Felicia Kornbluh problematizes the familiar timeline of civil rights histories. Instead of seeing the major civil rights campaigns in America as a succession of movements, starting with the one against Jim Crow in the late 1940s and ending with the movement for dis- ability rights in the 1970s, Kornbluh suggests that these post–World War II movements emerged simultaneously and influenced one another as they developed. She argues that the challenges to medical, psychiatric, and social-scientific expertise usually associated with the 1960s and 1970s may in fact have originated in the activism of blind people and others in the movement for disability rights in the 1940s. Finally, by focusing on issues of disability, such as the passage of legislation creating the civilian program of occupational rehabilitation, she offers a new view of the 1950s as an era of expansion in domestic social and health policies. (pp. 1023–47) Read online >

Textbooks & Teaching

  • The Scholarship of Teaching and Learning and the History Classroom by Scott E. Casper (pp. 1048–50)
    Read online >
  • The End of the History Survey Course: The Rise and Fall of the Coverage Model by Joel M. Sipress and David J. Voelker (pp. 1050–66)
    Read online >
  • Putting History Teaching “In Its Place” by Keith A. Erekson (pp. 1067–78)
    Read online >
  • How Now? Historical Thinking, Reflective Teaching, and the Next Generation of History Teachers by Elizabeth Belanger (pp. 1079–88)
    Read online >

Book Reviews

March 2011, Vol. 97 No. 4

Alphabetical by the last name of the book's first author or editor.

A
  • Adelt, Blues Music in the Sixties: A Story in Black and White, by W. S. Tkweme
  • Anderson, “Tell Them We Are Singing for Jesus”: The Original Fisk Jubilee Singers and Christian Reconstruction, 1871–1878, by Stephen W. Angell
B
  • Barnhisel and Turner, eds., Pressing the Fight: Print, Propaganda, and the Cold War, by Susan A. Brewer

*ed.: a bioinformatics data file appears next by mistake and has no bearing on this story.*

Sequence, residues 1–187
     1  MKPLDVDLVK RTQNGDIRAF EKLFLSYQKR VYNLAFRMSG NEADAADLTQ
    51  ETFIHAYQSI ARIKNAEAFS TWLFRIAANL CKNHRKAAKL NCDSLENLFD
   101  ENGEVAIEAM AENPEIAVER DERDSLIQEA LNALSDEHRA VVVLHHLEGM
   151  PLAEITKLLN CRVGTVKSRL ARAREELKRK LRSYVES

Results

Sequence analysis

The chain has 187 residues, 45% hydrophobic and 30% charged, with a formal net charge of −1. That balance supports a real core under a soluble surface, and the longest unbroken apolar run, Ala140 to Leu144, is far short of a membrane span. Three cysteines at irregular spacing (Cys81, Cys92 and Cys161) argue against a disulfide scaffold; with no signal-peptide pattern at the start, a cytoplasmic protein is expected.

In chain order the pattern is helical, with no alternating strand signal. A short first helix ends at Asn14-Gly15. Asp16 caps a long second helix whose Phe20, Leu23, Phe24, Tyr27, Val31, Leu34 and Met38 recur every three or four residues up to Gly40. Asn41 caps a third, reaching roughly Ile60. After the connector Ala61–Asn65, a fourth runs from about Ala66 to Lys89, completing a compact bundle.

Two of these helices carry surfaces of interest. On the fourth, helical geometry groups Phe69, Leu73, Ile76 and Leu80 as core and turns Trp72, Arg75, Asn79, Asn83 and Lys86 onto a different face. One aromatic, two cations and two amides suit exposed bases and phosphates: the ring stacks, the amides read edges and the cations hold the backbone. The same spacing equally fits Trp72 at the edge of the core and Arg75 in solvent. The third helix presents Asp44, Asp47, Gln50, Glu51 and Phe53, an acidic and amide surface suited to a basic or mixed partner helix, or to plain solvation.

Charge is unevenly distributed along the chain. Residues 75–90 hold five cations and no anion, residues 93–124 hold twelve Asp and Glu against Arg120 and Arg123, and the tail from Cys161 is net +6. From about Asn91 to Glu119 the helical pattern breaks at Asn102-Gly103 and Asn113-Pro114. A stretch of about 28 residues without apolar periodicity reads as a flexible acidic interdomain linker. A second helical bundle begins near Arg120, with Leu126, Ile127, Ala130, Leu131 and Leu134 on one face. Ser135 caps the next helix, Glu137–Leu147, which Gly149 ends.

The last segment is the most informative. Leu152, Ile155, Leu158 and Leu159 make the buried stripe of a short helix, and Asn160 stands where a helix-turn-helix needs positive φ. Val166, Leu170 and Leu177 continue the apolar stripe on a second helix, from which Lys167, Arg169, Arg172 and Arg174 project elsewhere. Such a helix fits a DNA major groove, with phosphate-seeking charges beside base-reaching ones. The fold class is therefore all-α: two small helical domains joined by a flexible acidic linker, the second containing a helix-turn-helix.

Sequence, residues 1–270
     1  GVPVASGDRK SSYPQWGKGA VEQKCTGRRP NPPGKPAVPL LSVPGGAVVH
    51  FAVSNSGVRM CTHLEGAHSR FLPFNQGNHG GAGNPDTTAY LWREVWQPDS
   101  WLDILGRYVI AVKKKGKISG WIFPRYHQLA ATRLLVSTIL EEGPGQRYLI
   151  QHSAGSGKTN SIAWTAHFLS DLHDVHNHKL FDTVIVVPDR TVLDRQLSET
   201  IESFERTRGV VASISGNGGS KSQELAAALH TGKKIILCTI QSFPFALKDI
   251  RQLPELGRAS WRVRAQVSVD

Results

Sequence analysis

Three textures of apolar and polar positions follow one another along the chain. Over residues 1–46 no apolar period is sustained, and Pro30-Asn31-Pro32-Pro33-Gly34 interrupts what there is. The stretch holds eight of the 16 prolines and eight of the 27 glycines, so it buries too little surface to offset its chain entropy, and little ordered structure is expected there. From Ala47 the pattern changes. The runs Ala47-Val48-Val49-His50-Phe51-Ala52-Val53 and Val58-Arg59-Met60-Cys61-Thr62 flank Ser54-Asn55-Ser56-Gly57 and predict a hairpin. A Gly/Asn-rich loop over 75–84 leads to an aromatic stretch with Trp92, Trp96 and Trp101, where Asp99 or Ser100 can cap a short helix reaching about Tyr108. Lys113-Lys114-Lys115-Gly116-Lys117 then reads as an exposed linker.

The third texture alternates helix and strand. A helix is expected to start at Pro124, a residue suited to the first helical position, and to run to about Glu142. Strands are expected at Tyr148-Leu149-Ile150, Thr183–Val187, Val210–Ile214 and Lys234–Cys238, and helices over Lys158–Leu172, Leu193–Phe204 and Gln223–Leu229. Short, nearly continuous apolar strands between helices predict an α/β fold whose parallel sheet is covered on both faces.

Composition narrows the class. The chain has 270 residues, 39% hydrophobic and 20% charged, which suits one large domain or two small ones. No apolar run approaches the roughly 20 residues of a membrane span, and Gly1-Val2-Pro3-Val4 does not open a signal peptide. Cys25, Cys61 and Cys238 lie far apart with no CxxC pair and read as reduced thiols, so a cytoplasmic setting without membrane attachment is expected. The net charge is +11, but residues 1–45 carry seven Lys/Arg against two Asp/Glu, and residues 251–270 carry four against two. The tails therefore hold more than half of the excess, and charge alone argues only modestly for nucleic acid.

• Bernstein, America Is the Prison: Arts and Politics in Prison in the 1970s, by Ethan Blue
  • Biszick-Lockwood, Restless Giant: The Life and Times of Jean Aberbach and Hill and Range Songs, by James Akenson
  • Boston, The Business Strategy of Booker T. Washington: Its Development and Implementation, by Vernon J. Williams Jr.
  • Bow, Partly Colored: Asian Americans and Racial Anomaly in the Segregated South, by Madeline Y. Hsu
  • Brands, American Dreams: The United States since 1945, by Stephen J. Whitfield
  • Brinkley, The Publisher: Henry Luce and His American Century, by James L. Baughman
  • Burns, Packing the Court: The Rise of Judicial Power and the Coming Crisis of the Supreme Court, by L. A. Scot Powe Jr.
  • Bynum, The Long Shadow of the Civil War: Southern Dissent and Its Legacies, by Paul Quigley
C
  • Callanan, Covert Action in the Cold War: U.S. Policy, Intelligence, and cia Operations, by Rhodri Jeffreys-Jones
  • Carney and Rosomoff, In the Shadow of Slavery: Africa’s Botanical Legacy in the Atlantic World, by Edda L. Fields-Black
  • Case, The Great Southwest Railroad Strike and Free Labor, by Paul Michel Taillon
  • Cheever, Real Phonies: Cultures of Authenticity in Post–World War II America, by Kirk Curnutt
  • Clayson, Freedom Is Not Enough: The War on Poverty and the Civil Rights Movement in Texas, by Merline Pitre
D
  • de Jong, Invisible Enemy: The African American Freedom Struggle after 1965, by Tracy Elaine K’Meyer
  • Dennis, Seneca Possessed: Indians, Witchcraft, and Power in the Early American Republic, by Joy Porter
  • Deutsch, Building a Housewife’s Paradise: Gender, Politics, and American Grocery Stores in the Twentieth Century, by Vicki Howard
  • Doyle, The Enemy in Our Hands: America’s Treatment of Enemy Prisoners of War from the Revolution to the War on Terror, by Paul J. Springer
E
  • Echols, Hot Stuff: Disco and the Remaking of American Culture, by Steve Waksman
  • Ellisor, The Second Creek War: Interethnic Conflict and Collusion on a Collapsing Frontier, by Julie Anne Sweet
  • Engerman, Know Your Enemy: The Rise and Fall of America’s Soviet Experts, by Fredrik Logevall
  • Enyeart, The Quest for “Just and Pure Law”: Rocky Mountain Workers and American Social Democracy, 1870–1924, by Rosemary Feurer
F
  • Farber, The Rise and Fall of Modern American Conservatism: A Short History, by Jennifer Burns
  • Ferguson, Maier, Manela, and Sargent, eds., The Shock of the Global: The 1970s in Perspective, by David Farber
  • Fichter, So Great a Proffit: How the East Indies Trade Transformed Anglo-American Capitalism, by Edwin J. Perkins
  • Finch, Dissenting Bodies: Corporealities in Early New England, by Peter Dobkin Hall
  • Fleming, The Anti-Communist Manifestos: Four Books That Shaped the Cold War, by Alan Wald
  • Foner, ed., Our Lincoln: New Perspectives on Lincoln and His World, by Brian R. Dirck
  • Freeberg, Democracy’s Prisoner: Eugene V. Debs, the Great War, and the Right to Dissent, by Melvyn Dubofsky
G
  • Gallman, Northerners at War: Reflections on the Civil War Home Front, by Susan-Mary Grant
  • Gardner, Unexpected Places: Relocating Nineteenth-Century African American Literature, by Arthur Riss
  • Giddins and DeVeaux, Jazz, by Eric Porter
  • Ginsberg, Moses of South Carolina: A Jewish Scalawag during Radical Reconstruction, by Mark I. Greenberg
  • Glad, An Outsider in the White House: Jimmy Carter, His Advisors, and the Making of American Foreign Policy, by David F. Schmitz